In the peripheral regions where the ELN is active – Chocó, Nariño, Cauca, Catatumbo, Arauca, Bajo Cauca (Antioquia) and southern Bolívar – the news of the ceasefire is greeted with very cautious optimism. In the Chocó, a conflict with the Clan del Golfo for territories ‘vacated’ by the FARC has caused a humanitarian crisis with over 4 thousand people displaced. Local community leaders and the Church had been clamouring for a ceasefire since the beginning of the year, and a delegation recently travelled to Quito to expose the dramatic situation of the department to ‘Pablo Beltrán’, the ELN’s chief negotiator. However, there is a fear that the local ELN front – which has shown itself to be disobedient to central command’s orders – will not respect the ceasefire and that other illegal armed groups will take advantage of the situation to expand their territorial presence. In the east (Arauca, Catatumbo), where most of the ELN’s military and economic power has been concentrated in recent years, the fear is that other illegal armed groups will seek to occupy the ELN’s role in criminal economies. Verification of this ceasefire will be complicated and fraught with difficulties. While it could revive a languishing peace process, controversies over ceasefire violations in the regions could also increase distrust between negotiating parties and scuttle further progress in the talks – that is, if the ELN is actually committed to peace and not on using the ceasefire to regroup.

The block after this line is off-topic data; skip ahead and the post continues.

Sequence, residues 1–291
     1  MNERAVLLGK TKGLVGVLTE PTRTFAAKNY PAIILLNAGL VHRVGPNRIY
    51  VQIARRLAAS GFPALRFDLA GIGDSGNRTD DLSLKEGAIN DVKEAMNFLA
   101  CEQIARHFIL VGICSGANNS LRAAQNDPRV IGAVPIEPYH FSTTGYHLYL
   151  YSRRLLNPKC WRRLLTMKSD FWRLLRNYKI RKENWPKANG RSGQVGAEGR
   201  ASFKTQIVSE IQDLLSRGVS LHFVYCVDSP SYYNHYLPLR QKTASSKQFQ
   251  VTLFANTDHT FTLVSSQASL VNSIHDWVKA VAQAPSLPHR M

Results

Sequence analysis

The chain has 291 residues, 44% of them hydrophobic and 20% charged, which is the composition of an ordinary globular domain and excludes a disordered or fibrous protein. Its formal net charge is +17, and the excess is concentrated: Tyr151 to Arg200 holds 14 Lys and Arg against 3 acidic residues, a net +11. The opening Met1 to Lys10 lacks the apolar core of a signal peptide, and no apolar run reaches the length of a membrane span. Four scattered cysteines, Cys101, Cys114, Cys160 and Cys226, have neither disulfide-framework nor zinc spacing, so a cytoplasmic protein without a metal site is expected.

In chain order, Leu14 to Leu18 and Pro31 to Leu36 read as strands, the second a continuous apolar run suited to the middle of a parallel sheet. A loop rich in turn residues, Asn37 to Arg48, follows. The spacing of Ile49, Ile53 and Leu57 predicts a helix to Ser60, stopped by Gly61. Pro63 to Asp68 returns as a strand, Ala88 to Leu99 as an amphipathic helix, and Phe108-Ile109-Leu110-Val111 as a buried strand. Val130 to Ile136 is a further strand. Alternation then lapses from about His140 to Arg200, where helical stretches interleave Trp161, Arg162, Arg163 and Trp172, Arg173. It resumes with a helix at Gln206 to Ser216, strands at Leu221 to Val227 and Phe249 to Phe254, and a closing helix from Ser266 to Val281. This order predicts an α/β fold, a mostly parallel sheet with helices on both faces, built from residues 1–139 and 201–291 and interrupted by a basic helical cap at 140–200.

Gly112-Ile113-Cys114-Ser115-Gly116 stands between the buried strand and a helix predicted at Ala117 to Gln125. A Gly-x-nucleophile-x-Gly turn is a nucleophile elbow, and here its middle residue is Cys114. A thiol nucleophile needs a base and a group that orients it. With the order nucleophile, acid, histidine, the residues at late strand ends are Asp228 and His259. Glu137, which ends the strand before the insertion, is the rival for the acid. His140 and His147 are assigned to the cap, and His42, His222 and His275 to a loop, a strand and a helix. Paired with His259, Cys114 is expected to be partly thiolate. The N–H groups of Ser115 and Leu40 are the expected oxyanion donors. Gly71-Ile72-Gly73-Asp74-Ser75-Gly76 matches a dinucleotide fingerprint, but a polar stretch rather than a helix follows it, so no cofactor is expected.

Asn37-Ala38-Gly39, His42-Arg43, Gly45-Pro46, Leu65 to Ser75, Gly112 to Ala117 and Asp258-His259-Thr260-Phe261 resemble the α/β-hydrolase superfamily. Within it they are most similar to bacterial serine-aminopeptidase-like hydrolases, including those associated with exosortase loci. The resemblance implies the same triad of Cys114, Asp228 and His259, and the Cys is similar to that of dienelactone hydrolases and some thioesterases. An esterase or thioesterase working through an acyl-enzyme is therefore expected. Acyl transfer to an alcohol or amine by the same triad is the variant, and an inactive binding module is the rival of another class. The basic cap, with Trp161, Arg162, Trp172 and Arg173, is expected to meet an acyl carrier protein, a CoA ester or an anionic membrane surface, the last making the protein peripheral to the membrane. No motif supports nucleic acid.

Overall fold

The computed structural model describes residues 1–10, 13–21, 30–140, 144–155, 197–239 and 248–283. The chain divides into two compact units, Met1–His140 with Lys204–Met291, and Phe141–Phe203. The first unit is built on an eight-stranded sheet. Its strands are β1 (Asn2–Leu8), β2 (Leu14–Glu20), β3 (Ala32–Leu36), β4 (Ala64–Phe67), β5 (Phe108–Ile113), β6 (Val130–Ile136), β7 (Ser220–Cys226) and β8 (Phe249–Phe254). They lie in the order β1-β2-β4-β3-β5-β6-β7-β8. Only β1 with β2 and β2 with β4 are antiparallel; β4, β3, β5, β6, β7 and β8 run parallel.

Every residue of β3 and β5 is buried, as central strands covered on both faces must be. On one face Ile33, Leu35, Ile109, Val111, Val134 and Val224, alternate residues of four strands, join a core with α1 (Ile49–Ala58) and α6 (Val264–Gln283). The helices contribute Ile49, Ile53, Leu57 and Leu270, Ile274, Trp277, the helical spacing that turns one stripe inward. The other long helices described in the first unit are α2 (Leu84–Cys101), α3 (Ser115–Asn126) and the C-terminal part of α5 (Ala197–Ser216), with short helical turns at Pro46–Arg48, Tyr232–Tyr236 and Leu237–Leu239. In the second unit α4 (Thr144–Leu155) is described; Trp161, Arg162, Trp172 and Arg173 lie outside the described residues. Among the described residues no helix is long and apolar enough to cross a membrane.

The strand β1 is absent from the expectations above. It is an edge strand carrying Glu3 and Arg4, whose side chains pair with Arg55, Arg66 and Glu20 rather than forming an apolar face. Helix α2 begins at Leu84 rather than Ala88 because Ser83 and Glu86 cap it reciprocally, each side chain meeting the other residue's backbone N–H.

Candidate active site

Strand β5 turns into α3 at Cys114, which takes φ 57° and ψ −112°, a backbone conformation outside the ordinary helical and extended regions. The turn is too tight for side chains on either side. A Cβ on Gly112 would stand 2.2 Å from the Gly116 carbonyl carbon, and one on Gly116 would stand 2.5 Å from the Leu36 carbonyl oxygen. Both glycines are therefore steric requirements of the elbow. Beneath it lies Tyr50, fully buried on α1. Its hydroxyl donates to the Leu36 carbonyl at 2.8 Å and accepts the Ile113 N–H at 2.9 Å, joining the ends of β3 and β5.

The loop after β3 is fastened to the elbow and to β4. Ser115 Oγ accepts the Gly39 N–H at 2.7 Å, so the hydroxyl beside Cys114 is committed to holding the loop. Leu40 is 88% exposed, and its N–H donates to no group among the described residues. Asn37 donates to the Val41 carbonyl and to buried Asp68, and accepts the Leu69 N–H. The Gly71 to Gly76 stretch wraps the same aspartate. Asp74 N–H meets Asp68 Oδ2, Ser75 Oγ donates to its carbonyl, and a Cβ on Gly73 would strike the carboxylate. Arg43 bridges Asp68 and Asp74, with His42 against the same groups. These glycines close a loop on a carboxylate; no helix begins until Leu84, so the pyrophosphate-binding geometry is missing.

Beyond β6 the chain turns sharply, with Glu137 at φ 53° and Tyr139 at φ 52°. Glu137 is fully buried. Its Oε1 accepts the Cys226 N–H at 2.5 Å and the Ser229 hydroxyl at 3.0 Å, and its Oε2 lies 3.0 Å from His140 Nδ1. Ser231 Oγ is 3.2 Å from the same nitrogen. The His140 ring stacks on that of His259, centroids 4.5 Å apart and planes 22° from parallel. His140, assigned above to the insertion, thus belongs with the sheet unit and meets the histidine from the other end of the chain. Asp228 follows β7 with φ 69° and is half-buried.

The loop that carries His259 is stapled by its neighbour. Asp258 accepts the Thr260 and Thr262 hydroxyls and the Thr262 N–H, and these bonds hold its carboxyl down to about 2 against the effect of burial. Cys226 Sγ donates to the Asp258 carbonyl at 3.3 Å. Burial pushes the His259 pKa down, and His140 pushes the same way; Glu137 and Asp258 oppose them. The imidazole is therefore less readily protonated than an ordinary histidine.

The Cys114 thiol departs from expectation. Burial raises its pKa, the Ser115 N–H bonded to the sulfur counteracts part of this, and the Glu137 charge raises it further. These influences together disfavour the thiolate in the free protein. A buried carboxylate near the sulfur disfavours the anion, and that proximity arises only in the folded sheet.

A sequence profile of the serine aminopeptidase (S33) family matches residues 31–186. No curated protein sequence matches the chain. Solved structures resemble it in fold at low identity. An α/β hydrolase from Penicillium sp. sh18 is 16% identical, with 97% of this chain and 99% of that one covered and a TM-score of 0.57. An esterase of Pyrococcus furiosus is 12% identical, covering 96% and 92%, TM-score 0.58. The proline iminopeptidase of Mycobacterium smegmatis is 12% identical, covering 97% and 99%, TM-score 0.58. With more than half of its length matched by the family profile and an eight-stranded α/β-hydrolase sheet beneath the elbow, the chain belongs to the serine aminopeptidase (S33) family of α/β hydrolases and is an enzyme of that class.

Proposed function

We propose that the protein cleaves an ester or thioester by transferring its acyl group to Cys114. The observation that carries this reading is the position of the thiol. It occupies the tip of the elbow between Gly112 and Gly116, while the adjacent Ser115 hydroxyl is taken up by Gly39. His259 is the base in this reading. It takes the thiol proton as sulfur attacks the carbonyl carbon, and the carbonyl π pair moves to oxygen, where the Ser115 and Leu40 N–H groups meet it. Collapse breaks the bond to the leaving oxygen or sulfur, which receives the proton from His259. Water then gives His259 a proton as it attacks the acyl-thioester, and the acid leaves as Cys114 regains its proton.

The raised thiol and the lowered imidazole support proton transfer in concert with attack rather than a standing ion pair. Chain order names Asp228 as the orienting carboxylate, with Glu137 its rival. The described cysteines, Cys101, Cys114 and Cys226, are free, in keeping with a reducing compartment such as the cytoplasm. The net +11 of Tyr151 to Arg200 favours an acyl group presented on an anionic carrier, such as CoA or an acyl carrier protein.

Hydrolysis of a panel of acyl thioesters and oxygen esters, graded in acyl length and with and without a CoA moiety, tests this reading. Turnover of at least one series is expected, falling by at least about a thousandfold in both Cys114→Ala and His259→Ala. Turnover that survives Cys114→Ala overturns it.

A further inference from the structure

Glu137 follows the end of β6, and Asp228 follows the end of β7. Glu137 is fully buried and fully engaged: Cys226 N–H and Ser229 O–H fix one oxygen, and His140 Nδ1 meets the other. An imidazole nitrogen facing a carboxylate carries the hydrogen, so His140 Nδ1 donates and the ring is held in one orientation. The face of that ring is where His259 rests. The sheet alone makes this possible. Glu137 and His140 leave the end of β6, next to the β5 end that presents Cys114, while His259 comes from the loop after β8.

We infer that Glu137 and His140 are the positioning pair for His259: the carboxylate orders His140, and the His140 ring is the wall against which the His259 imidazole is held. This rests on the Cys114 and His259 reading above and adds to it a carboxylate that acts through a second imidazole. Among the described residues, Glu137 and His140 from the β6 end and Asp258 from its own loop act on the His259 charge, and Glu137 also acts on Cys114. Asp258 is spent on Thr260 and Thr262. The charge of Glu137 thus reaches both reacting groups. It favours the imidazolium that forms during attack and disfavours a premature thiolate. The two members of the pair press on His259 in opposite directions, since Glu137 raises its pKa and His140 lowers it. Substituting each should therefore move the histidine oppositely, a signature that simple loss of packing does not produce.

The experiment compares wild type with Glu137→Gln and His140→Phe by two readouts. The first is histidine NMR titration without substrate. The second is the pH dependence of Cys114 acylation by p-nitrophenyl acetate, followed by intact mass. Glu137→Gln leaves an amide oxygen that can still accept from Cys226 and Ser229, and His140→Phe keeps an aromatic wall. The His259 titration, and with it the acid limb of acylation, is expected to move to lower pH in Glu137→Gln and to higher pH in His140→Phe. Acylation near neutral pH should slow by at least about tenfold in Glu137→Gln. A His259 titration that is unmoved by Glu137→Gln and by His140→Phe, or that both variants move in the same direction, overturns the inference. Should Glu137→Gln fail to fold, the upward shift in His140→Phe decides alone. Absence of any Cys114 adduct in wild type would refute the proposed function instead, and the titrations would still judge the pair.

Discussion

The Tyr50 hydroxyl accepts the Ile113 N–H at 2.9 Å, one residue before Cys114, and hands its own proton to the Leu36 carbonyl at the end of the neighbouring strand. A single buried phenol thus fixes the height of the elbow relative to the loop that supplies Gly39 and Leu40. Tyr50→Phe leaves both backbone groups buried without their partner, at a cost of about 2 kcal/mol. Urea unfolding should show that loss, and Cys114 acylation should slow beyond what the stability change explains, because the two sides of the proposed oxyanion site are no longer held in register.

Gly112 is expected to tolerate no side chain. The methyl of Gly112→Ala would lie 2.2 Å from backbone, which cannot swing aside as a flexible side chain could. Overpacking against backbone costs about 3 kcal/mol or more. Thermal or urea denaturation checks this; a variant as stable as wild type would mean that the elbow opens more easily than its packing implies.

It is noteworthy that the government agreed to a bilateral ceasefire with the ELN even if the talks have produced no tangible results or agreements, after the government repeatedly refused a bilateral ceasefire with the FARC until after the peace talks formally concluded in August 2016 (that said, some of the government’s actions – deescalation of tensions, suspension of aerial bombardments etc. – during the peace process with the FARC resulted in de facto bilateral ceasefires).